Idiopathic: A term applied to a disease for which the cause is unknown.
Ig: The abbreviation for immunoglobulin. It is usually followed by the type of immunoglobulin, for example IgG, IgM, IgA, IgD, IgE. Immunoglobulins G, M, and A are the three principal types of antibodies.
Iliac Crest: The edge of the hip bone from which marrow is usually sampled for diagnosis of blood cell diseases.
Immune Deficiency: Impaired ability of the body's defense mechanisms to combat infections by bacteria, viruses and fungi.
Immune Globulins or Immunoglobulins:
Immune Response: The reaction of the body to an antigen, for example an infectious agent or an immunization, or to the tissues of another individual as in an allogeneic transplant. (See Gamma Globulins)
Immune Thrombocythemia Purpura (ITP): A decrease in blood platelets as the result of the formation of anti-platelet antibodies. The disease can be associated with some lymphomas and Chronic Lymphocytic Leukemia. It usually occurs in the absence of an associated disease.
Immunoelectrophoresis: A test to separate plasma or urine proteins. The method can be used to identify monoclonal (abnormal) immunoglobulins. These proteins are important diagnostic features of myeloma and some lymphomas.
Immunofixation: A sensitive test to separate plasma or urine proteins and to identify monoclonal (abnormal) immunoglobulins.
Immunoglobulins: Proteins in the blood plasma which function as antibodies and play an important part in controlling infections.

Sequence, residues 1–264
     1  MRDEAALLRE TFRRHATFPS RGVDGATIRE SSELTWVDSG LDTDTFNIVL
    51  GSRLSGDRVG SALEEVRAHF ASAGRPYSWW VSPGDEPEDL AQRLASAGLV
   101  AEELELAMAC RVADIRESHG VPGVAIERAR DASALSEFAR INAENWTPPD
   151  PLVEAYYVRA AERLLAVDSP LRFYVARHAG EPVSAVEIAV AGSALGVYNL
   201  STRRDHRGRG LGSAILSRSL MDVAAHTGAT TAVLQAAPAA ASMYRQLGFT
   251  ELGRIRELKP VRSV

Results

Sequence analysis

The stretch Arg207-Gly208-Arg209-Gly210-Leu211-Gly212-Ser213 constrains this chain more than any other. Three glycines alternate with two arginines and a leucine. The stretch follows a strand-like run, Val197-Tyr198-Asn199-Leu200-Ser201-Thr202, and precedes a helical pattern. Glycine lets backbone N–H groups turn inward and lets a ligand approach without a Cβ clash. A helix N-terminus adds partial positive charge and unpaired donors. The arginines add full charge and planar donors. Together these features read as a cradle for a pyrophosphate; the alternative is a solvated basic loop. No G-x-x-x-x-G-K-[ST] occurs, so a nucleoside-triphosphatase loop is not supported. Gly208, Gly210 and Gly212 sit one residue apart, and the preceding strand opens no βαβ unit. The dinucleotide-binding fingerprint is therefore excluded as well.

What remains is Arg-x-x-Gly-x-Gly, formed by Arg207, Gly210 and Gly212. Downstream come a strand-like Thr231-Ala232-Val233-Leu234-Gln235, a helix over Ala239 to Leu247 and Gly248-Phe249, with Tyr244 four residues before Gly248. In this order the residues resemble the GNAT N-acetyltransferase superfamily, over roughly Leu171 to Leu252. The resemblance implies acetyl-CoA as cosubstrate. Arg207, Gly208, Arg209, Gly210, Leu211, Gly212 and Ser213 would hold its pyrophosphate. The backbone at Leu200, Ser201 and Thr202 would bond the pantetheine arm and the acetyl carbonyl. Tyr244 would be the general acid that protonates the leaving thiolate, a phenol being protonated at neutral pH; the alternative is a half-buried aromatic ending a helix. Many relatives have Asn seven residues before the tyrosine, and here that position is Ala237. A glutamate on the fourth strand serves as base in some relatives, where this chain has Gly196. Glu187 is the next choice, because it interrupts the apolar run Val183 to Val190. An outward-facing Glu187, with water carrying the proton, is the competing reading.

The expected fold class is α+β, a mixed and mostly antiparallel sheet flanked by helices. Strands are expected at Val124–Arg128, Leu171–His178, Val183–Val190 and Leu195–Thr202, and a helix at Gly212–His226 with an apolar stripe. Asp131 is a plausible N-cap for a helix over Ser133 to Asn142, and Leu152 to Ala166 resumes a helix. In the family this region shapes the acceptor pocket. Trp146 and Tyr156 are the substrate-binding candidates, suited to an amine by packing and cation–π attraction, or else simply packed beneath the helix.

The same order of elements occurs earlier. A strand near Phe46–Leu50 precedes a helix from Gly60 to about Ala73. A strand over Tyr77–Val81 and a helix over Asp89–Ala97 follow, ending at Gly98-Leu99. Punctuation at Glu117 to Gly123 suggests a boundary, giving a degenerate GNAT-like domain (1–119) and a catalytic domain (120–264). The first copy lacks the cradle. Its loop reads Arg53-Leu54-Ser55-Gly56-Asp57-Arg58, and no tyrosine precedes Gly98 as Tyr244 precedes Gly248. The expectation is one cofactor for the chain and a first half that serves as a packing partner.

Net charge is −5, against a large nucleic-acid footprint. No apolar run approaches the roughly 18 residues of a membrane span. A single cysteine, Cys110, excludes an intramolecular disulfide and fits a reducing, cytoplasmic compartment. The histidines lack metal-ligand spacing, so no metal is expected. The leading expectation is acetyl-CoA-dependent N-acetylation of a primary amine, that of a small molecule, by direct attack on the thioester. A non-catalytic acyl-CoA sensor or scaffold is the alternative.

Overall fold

Immunophenotyping: A method that uses the reaction of antibodies with cell antigens to determine a specific type of cell in a sample of blood cells, marrow cells, or lymph node cells. The antibodies react with specific antigens on the cell. A tag is attached to antibody so that it can be detected. The tag can be identified by the laboratory equipment used for the test. As cells carrying their array of antigens are tagged with specific antibodies they can be identified; for example, myelogenous leukemic cells can be distinguished from lymphocytic leukemic cells. Normal lymphocytes may be distinguished from leukemic lymphocytes. This method also helps to subclassify cell types, which may, in turn, help to decide on the best treatment to apply in that type of leukemia or lymphoma. The antigen on a cell is referred to as cluster of differentiation or “CD” with an associated number. For example, CD16 may be present on leukemic lymphoblasts and CD33 on leukemic myeloblasts.
Immunosuppression: A state in which the immune system does not function properly and its protective functions are inadequate. The patient is more susceptible infections, including from microbes that are usually not highly infectious (See Opportunistic Infection). This can occur as a result of intensive chemotherapy and radiation therapy, especially as used for conditioning of a patient for transplantation. It also can occur because of disease states. Human immunodeficiency virus infection can lead to immunosuppression. Graft versus host disease creates an immunosuppressive state in that immune protection against infection is inadequate. In the transplant patient, the conditioning regimen and severe graft versus host disease can combine to permit overwhelming infection.